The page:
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In Beginning Arduino, you will learn all about the popular Arduino microcontroller by working your way through an amazing set of 50 cool projects. You'll progress from a complete beginner regarding Arduino programming and electronics knowledge to intermediate skills and the confidence to create your own amazing Arduino projects. Absolutely no experience in programming or electronics required!
Rather than requiring you to wade through pages of theory before you start making things, this book has a handson approach. You will dive into making projects right from the start, learning how to use various electronic components and how to program the Arduino to control or communicate with those components.
Each project is designed to build upon the knowledge learned in earlier projects and to further your knowledge in programming as well as skills with electronics. By the end of the book you will be able create your own projects confidently and with creativity.
What you'll learn
Electronics enthusiasts who are new to the Arduino as well as artists and hobbyists who want to learn this very popular platform for physical computing and electronic art.
Table of Contents
Posted January 1, 2011
The cover of Robert McRobert's Beginning Arduino under-promises and over-delivers. True, the book provides an introduction to the popular open-source microcontroller platform but then goes on to beginning programming, beginning prototyping, and even a smattering of beginning circuit design, all while assuming very little background on the part of the reader. The book starts by describing the Arduino platform, its advantages and the various board models (including the latest, Arduino Uno). Next come step-by-step installation instructions for the the development software on Windows and Mac. (For those using Linux, the text tells where to find the directions on the Arduino website.) After the introductory chapter, the author presents complete projects, each with an illustrated parts list, color wiring diagram for breadboarding, the c-like code (called a "sketch," which mercifully can be downloaded from the publisher's website), and a full explanation of how the sketch works. The text is clear and complete. One small quibble: I would have appreciated a schematic diagram for each project, but the author does introduce a number of the component circuit diagrams that one would find on a schematic. And what a range of projects! The fifty projects run the gamut from blinking an LED (the "hello, world" of embedded programming) to interfacing with sensors, running displays and dc motors, reading and writing to an SD card, even connecting to the internet. Not every project will appeal to everyone, but the book gives a solid overview of what can be done with Arduino. Electric motors once brought childhood construction projects to life. The microcontroller is that motor for our times, and one of the best and easiest to use is Arduino. This is an outstanding book, one accessible to beginners, but one that will not leave them there. I commend it not just to those looking to learn about the platform, but especially for use in the classroom setting.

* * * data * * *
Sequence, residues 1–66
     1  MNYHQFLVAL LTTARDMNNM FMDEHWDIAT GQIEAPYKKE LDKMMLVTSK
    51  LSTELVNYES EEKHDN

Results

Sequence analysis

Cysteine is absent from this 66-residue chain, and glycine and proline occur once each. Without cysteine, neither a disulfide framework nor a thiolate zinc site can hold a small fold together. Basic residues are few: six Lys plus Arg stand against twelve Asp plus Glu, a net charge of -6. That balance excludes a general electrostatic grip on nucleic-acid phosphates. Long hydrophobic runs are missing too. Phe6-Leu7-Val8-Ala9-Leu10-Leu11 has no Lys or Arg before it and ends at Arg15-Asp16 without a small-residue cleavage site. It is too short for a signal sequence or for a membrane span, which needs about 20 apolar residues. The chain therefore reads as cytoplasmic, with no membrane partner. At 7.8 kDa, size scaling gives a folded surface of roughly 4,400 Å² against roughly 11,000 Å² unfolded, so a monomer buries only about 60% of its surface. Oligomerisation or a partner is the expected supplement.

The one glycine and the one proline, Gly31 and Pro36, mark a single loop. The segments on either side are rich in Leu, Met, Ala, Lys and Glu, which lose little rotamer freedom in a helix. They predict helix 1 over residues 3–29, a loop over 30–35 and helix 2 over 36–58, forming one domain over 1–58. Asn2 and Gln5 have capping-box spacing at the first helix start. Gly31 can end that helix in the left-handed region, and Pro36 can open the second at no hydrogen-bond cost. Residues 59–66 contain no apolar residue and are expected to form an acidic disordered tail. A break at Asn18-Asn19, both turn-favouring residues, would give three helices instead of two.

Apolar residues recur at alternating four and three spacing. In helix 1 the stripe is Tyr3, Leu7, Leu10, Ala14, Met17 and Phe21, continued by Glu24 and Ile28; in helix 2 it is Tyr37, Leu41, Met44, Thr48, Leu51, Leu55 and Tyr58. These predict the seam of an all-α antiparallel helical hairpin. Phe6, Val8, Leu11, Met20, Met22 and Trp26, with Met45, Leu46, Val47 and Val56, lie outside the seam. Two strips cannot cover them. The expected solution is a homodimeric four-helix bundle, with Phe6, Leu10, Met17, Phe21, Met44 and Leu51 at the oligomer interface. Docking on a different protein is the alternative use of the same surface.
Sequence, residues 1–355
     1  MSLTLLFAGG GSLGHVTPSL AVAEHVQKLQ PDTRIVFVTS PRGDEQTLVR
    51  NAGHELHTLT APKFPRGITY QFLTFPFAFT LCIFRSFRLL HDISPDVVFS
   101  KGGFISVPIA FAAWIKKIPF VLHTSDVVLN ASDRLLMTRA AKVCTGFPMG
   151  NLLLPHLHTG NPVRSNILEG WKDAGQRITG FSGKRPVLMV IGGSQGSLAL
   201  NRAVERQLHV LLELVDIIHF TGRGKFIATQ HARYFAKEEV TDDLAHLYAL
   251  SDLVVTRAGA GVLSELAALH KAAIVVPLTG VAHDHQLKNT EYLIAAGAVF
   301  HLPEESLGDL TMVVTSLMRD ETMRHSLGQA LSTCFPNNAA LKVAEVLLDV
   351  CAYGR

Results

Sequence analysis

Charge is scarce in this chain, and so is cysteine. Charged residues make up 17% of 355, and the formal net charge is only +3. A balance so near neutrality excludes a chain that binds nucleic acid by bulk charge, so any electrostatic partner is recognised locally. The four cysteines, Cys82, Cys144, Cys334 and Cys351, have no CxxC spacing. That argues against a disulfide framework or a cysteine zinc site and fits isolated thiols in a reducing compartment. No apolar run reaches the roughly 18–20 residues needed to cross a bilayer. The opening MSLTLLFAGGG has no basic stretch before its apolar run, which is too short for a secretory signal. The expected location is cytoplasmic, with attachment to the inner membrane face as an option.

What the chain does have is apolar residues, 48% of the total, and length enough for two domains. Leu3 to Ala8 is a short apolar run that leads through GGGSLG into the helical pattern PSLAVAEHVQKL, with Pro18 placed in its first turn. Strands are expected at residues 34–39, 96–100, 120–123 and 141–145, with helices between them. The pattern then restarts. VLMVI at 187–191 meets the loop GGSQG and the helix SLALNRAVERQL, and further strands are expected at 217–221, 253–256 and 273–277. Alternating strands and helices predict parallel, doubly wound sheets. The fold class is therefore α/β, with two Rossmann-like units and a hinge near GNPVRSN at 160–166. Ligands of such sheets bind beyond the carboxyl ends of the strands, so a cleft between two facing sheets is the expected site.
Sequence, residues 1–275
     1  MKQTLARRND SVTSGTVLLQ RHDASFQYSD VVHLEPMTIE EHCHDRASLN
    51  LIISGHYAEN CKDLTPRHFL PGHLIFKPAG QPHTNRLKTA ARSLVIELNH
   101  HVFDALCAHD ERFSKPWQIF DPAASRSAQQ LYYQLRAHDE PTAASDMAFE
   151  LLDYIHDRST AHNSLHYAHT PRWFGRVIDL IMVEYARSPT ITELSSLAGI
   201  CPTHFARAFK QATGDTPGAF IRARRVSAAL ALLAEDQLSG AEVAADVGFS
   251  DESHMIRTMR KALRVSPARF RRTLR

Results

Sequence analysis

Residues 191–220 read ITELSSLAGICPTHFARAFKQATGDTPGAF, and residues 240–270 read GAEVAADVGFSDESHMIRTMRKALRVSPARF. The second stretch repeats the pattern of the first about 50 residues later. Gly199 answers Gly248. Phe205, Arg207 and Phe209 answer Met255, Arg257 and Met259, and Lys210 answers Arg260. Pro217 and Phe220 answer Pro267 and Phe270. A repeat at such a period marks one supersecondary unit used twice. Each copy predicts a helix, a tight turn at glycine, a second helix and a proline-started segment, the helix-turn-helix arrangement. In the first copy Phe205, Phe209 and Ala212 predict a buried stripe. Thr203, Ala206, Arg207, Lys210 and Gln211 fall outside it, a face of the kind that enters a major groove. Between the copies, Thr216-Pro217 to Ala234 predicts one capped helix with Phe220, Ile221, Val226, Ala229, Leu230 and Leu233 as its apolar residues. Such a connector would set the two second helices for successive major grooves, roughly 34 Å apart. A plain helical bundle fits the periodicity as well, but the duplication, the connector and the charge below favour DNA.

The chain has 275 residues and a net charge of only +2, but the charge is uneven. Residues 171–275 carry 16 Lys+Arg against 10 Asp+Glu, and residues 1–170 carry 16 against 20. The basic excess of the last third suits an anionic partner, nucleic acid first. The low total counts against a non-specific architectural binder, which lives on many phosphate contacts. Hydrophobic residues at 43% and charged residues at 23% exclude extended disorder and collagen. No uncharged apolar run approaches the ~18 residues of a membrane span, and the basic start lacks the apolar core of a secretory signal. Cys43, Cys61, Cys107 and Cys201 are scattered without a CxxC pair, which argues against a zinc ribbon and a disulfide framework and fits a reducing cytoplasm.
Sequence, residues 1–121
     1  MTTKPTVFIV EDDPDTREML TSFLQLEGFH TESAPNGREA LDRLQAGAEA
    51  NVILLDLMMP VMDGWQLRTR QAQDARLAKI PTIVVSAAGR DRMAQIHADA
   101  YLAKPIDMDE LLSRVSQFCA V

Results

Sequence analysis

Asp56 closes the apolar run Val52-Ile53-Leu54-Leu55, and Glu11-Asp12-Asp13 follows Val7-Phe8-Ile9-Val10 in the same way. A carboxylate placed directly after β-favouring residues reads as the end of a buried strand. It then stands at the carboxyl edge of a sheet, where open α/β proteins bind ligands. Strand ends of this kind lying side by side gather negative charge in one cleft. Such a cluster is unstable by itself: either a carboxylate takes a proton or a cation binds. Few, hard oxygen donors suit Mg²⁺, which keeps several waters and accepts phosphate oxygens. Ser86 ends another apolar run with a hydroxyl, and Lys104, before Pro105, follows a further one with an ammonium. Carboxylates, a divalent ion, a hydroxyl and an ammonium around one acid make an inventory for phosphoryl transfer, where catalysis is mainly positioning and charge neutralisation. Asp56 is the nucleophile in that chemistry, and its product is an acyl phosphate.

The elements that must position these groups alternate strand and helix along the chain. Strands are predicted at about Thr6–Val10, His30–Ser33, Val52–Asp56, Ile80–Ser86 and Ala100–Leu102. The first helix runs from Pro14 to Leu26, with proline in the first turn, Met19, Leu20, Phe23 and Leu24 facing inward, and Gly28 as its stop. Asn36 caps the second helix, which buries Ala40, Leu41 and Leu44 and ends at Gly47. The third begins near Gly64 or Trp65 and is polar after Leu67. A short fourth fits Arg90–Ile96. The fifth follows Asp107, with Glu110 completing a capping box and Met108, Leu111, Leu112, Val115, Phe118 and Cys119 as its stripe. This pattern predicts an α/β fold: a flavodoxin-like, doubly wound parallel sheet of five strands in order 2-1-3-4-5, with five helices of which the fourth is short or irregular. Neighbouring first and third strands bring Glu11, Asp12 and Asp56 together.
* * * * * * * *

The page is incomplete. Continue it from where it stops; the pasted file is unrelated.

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This book introduces Arduino to newbies via many project examples. It is suitable both for beginners without any electronics knowledge and also for advanced users. Every project contains project description with a pictorial circuit diagram, hardware components used, source code and its explanation. In-depth explanation it occurs only if you need to know more details. Initial projects start with individual LED diodes (e.g. semaphore, simulation of flare, chase effects etc.), the later works with matrix LEDs, to the LCD handling include animations. The book puts accent on building interfaces with environment. The reader is instructed how to apply motors (stepper motors, DC motors, servo motors), sensors (temperature, pressure and ultrasonic ones), additional Arduino shields extending Arduino's functionality (Ethernet shield, SD reader shield). The text is very explicative and clarifies all aspects of problems but I would prefer using a schematic diagrams in parallel to the pictorial circuit diagrams, for better understanding of more complicated projects. The book contains color pictures on extra pages and ebook is colorful. This book recommend everyone who interesting basic interaction with Arduino. For general information recommend "Programming Interactivity: A Designer's Guide to Processing, Arduino, and Openframeworks" from O'Reilly, where is via Arduino explained complex processing from retrieve physical data to show on screen including using OpenCV. Heavier projects are in "Practical Arduino: Cool Projects for Open Source Hardware (Technology in Action)" from Apress, which is mainly consist of real using without sufficient explanation of basic. Ideal for inspiration but no for learning without any electronics knowledge.
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Posted December 27, 2010
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